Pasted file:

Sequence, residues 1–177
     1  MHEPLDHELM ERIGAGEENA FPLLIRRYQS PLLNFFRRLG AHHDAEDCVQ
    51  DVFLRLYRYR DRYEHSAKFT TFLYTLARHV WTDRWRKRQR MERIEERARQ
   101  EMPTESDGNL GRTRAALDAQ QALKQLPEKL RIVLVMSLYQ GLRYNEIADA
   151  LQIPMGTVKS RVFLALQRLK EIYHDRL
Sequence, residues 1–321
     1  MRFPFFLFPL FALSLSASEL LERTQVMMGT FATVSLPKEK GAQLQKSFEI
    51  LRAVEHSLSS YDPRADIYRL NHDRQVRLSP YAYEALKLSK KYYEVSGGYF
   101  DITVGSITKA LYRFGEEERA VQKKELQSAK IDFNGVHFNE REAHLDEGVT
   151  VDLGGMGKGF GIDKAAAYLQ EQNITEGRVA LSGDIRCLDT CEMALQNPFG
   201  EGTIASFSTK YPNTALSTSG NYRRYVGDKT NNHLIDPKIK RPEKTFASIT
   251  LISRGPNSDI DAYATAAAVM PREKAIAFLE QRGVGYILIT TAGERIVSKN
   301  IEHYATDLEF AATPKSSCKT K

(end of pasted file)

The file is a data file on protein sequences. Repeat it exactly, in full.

Sequence, residues 1–177
     1  MHEPLDHELM ERIGAGEENA FPLLIRRYQS PLLNFFRRLG AHHDAEDCVQ
    51  DVFLRLYRYR DRYEHSAKFT TFLYTLARHV WTDRWRKRQR MERIEERARQ
   101  EMPTESDGNL GRTRAALDAQ QALKQLPEKL RIVLVMSLYQ GLRYNEIADA
   151  LQIPMGTVKS RVFLALQRLK EIYHDRL
Sequence, residues 1–321
     1  MRFPFFLFPL FALSLSASEL LERTQVMMGT FATVSLPKEK GAQLQKSFEI
    51  LRAVEHSLSS YDPRADIYRL NHDRQVRLSP YAYEALKLSK KYYEVSGGYF
   101  DITVGSITKA LYRFGEEERA VQKKELQSAK IDFNGVHFNE REAHLDEGVT
   151  VDLGGMGKGF GIDKAAAYLQ EQNITEGRVA LSGDIRCLDT CEMALQNPFG
   201  EGTIASFSTK YPNTALSTSG NYRRYVGDKT NNHLIDPKIK RPEKTFASIT
   251  LISRGPNSDI DAYATAAAVM PREKAIAFLE QRGVGYILIT TAGERIVSKN
   301  IEHYATDLEF AATPKSSCKT K